The realistic sections of the story are impeccably researched. When rolling through the mean streets of Fallujah, Iraq, hunkered in the back seat with Holly Syke's journalist beau Ed, we get the impression that David Mitchell must have covered the conflict as an embedded reporter. When we find out later that no, he wasn't a war correspondent at all, but a guy who taught English to Japanese students, it does not diminish his warzone descriptions, it makes them even more impressive. The author brings his battle scenes to stunning, tangible life, as well as the blood and guts participants of them.
The point I'm trying to make here is that The Bone Clocks could have veered off at any moment and become anything, and it's too bad it wound up being what it was, a head-scratching worldwide conspiracy caper with a Stephen Kingish, Carrie-Firestarter twist.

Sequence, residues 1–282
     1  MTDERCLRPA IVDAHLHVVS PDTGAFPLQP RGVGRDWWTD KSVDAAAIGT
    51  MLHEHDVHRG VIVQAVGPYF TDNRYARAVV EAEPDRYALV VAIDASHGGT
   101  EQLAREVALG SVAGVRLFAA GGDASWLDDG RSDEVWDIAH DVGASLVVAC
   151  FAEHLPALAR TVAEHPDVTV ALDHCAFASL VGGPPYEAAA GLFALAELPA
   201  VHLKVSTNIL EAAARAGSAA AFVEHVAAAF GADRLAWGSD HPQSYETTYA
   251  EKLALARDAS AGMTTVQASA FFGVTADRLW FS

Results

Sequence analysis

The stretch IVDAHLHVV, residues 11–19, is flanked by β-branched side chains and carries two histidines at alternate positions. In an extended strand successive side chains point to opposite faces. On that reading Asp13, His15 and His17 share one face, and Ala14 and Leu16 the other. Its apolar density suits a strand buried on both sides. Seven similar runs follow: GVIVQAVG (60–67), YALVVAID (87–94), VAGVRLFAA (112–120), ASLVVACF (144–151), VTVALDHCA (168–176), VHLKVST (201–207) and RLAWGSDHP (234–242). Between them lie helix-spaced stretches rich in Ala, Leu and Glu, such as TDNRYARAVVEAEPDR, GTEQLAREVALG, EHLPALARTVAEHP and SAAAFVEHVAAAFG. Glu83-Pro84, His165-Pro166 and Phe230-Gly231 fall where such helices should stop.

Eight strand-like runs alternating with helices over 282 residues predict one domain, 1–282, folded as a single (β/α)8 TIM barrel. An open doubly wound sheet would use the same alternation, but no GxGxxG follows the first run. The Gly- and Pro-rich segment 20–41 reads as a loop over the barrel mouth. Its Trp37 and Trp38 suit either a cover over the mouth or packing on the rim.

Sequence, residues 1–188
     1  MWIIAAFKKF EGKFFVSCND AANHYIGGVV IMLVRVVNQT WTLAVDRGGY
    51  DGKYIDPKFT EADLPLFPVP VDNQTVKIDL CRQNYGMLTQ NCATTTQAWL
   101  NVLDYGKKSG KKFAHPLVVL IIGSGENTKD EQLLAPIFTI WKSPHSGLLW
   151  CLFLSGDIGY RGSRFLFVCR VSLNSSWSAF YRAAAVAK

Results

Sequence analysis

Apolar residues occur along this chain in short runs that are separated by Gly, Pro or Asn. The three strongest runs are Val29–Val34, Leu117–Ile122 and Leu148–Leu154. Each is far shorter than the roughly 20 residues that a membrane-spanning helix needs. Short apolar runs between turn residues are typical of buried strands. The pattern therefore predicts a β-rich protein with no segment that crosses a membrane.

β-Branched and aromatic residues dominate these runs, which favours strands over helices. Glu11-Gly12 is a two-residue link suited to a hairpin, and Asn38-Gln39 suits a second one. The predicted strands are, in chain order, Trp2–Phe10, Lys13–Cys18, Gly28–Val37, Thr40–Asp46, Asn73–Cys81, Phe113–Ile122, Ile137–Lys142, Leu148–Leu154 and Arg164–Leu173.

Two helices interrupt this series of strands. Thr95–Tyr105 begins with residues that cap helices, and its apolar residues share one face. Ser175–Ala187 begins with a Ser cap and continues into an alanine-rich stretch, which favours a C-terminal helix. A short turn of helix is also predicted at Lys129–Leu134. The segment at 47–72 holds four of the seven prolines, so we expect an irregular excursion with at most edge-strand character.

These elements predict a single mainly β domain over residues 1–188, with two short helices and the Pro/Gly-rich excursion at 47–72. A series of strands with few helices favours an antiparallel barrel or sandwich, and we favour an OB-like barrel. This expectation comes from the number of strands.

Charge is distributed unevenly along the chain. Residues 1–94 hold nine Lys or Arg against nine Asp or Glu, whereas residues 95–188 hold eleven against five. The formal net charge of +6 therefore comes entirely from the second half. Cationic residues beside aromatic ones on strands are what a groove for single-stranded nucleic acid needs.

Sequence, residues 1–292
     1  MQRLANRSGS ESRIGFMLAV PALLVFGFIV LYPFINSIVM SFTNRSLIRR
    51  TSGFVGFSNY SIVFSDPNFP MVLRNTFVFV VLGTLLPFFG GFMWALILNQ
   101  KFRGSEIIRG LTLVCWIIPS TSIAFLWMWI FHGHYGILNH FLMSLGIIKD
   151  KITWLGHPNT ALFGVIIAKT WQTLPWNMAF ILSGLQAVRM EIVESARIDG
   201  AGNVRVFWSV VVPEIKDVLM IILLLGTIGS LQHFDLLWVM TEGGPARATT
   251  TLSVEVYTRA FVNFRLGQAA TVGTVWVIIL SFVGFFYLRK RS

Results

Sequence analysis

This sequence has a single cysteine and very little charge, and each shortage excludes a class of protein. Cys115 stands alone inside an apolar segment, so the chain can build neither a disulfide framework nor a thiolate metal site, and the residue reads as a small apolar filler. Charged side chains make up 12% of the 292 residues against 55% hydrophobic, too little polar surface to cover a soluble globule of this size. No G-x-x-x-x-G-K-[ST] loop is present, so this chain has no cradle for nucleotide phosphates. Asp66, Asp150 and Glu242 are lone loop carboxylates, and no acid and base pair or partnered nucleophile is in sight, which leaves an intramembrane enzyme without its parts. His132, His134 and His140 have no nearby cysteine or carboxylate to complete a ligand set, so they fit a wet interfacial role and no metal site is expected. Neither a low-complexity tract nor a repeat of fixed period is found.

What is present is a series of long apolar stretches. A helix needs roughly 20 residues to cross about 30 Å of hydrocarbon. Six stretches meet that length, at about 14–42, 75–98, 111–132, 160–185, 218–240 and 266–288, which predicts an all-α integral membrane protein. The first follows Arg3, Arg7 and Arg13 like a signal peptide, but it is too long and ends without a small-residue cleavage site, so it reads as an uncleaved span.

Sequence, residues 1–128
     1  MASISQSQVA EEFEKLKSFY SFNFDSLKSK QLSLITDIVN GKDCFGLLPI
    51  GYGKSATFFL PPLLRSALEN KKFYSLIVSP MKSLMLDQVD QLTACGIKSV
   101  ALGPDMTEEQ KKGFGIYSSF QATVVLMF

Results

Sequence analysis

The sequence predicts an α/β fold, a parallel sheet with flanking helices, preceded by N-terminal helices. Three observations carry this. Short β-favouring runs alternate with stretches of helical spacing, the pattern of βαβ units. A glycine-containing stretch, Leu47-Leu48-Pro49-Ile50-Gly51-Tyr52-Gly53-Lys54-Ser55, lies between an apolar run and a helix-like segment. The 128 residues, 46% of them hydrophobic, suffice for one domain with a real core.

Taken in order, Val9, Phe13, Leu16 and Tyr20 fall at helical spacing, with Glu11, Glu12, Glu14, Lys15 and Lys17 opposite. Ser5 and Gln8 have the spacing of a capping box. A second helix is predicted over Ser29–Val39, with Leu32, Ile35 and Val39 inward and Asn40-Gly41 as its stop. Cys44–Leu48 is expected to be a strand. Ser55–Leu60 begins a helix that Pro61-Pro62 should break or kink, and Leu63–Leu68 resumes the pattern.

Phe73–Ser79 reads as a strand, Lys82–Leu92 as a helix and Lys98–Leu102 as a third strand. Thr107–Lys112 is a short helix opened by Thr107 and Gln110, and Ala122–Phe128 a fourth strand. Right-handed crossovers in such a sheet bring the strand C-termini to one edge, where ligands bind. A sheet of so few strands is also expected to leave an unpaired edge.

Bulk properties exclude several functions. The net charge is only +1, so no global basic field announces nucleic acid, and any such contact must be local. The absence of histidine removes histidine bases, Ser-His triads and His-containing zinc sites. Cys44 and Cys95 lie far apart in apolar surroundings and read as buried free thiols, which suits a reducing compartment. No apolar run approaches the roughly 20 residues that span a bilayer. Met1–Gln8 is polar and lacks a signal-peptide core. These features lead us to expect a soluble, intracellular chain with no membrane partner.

It's pretty obvious to me that David Mitchell would have liked to go another direction with this one, but was forced to buckle himself into a genre straightjacket. Once you get that fantasy, science fiction, or crime drama tag attached to you, it's hard to venture into new territory. Stephen King is probably not going to be able to write any bodice-ripping Harlequin Romances, no matter how bad he wants to, I'm thinking Michael Connelly is not going to release any childrens' books, Nicholas Sparks won't abandon his sappy "chick lit" for slasher stories, and David Mitchell is doomed to slice cheap cheese like The Bone Clocks for the rest of his literary career.
Writing in The Seattle Times, still another David, reviewer David Laskin, said it best: The sooner Mitchell gets this soul-sucking mumbo jumbo out of his system and moves on, the better.
The Bone Clocks vs. Dr. Sleep - Soul Snatching, Idea Snatching?
No sooner was I exposed to The Bone Clocks soul-snatcher activity, than the similarities to another work of fiction struck me. Right away I thought of the novel Dr. Sleep, which I read after receiving it as a Christmas gift.